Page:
SaaS Data Backup and Recovery: Keys to Compliance in the Cloud

If you operate any kind of organization today, chances are good that you’re required to comply with at least one of the many laws regulating how organizations manage information and data.

Chances are also good that the regulations with which you must comply have to do specifically with information security, particularly as it concerns the confidentiality, integrity, and availability of data.

Compliance with these regulations may mean legal liability, whether the information affected by them is in an on-premises system or in the cloud. And data backup is an issue wherever the data resides, too. If you use SaaS applications like Google Apps or Salesforce, reducing the risk of losing mission-critical data you’re storing in them is imperative to reducing your compliance risk.

Why Backup Is Critical for SaaS Applications

Of course, your cloud application provider should be taking steps to protect your data, and companies like Google and Salesforce have a number of security controls in place to help protect the data in their applications. But there’s always a risk of data loss due to factors beyond these SaaS providers’ control - things like sync errors, hacking, and human error. That’s why backup is so important for SaaS applications. It’s not always explicitly required, but it’s critical to have in order to protect your business from both data loss, productivity loss, and non-compliance.

Often a regulation will only generally say that you must “keep information available” – and then leave it to you to determine what that means. The Sarbanes-Oxley Act of 2002 (Sarbanes-Oxley), for example, mandates that certain kinds of information be retained for five years. But if you’re going to ensure that records are kept available for that period, it stands to reason that you need to have an effective backup solution in the event something happens to them.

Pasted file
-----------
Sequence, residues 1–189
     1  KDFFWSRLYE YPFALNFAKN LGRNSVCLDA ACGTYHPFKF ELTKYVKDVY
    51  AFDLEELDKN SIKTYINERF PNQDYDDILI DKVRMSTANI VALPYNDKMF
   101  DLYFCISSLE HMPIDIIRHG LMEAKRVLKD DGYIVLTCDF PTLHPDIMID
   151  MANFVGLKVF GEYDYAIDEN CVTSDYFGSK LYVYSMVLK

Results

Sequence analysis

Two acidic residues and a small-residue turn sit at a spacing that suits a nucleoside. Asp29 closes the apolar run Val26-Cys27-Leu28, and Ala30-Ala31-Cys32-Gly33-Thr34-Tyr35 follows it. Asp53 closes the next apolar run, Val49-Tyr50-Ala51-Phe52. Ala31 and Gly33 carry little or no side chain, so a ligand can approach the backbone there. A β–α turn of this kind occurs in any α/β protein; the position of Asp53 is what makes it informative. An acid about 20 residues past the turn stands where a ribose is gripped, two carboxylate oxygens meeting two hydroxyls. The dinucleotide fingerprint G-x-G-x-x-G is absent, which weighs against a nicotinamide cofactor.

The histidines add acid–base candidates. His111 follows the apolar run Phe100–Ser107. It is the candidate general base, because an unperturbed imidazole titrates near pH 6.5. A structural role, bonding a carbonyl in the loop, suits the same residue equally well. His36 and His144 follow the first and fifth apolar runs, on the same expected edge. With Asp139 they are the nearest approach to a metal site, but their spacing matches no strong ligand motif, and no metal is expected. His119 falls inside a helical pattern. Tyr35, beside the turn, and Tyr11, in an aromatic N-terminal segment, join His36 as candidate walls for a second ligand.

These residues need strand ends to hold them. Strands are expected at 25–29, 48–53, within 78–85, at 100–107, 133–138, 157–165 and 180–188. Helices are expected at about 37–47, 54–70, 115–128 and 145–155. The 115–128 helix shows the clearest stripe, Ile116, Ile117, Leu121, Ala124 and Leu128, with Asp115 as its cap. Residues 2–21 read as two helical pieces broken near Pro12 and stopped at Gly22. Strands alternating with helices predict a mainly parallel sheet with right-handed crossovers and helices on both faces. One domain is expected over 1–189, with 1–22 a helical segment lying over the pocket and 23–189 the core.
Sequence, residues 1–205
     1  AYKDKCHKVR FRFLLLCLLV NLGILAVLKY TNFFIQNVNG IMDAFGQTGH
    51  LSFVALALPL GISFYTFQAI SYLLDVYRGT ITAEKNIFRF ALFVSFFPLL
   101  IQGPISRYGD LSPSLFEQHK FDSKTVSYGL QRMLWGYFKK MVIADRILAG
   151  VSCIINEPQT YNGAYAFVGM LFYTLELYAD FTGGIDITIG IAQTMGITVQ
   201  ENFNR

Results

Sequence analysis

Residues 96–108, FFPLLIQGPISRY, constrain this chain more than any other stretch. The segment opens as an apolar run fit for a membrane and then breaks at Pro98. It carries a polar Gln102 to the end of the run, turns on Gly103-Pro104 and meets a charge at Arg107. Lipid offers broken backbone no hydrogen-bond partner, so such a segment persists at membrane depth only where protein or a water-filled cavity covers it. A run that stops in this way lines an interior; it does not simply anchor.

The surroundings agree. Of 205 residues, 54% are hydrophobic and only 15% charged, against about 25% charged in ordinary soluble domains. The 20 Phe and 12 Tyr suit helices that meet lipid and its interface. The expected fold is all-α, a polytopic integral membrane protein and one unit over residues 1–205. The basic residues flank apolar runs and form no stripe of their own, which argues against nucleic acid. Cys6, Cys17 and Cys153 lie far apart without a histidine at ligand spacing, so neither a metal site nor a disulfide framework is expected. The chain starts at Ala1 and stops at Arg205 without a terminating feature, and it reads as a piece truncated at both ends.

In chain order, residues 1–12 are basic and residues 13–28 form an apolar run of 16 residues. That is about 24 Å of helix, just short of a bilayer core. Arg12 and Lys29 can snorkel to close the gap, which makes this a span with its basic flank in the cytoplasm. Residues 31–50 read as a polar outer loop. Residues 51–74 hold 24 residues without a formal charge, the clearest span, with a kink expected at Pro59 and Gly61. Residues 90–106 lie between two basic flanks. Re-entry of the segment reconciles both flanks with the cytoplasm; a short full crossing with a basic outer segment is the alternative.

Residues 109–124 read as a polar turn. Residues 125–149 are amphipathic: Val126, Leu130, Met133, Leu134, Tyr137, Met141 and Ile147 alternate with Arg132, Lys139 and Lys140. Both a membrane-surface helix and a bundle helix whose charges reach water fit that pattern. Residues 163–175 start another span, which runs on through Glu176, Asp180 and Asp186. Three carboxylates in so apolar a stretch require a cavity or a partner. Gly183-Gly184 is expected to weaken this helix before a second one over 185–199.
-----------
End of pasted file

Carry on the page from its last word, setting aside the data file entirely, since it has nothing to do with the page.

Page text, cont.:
Reducing the risk of losing data in SaaS apps is imperative to reducing compliance risk.

How Compliance Frameworks Can Help

If regulations don’t always spell out the actions to take, how do you determine exactly how to comply with regulations? A number of compliance frameworks have emerged that include specific standards and controls to enable compliance. Meeting these standards and implementing these controls puts organizations on a path to meeting the broader requirements of regulations.

Focusing on those frameworks that include backup as a means of achieving compliance, we offer this information to help you become more familiar with:

  • Backup-related regulatory expectations on your organizations for SaaS applications like Google Apps and Salesforce;
  • Standards and controls that frameworks offer to meet those expectations; and,
  • Characteristics to look for in cloud-to-cloud backup solutions.

Cloud Security Alliance’s Cloud Controls Matrix While only one of these refers directly to backup and recovery, the other two suggest that an appropriate backup solution will address both recovery time objectives (RTOs) and the ability to make data available on request:
  • Control ID BCR-12 calls for backup and recovery measures to be incorporated as part of business continuity planning and tested accordingly for effectiveness.
  • Control ID GRM-12 speaks to establishing acceptable levels of risk in accordance with reasonable resolution time frames.
Control ID IPY-02 requires that data be available to customers and provided to them on request in an industry-standard format. Download the Cloud Controls Matrix here.
COBIT (Control Objectives for Information and Related Technology) COBIT’s emphasis on recovery points to the need for a backup and recovery solution that is reliable and easy to use, and that enables data to be recovered as quickly as possible to minimize disruption:
  • Control Objective DS 11 states that a proper strategy for backup and restoration should be implemented, including developing and testing of a recovery plan.
  • Control Objective DS 4 stresses the importance of minimizing the impact of any disruption on business operations and provides guidance for activities such as backup recovery.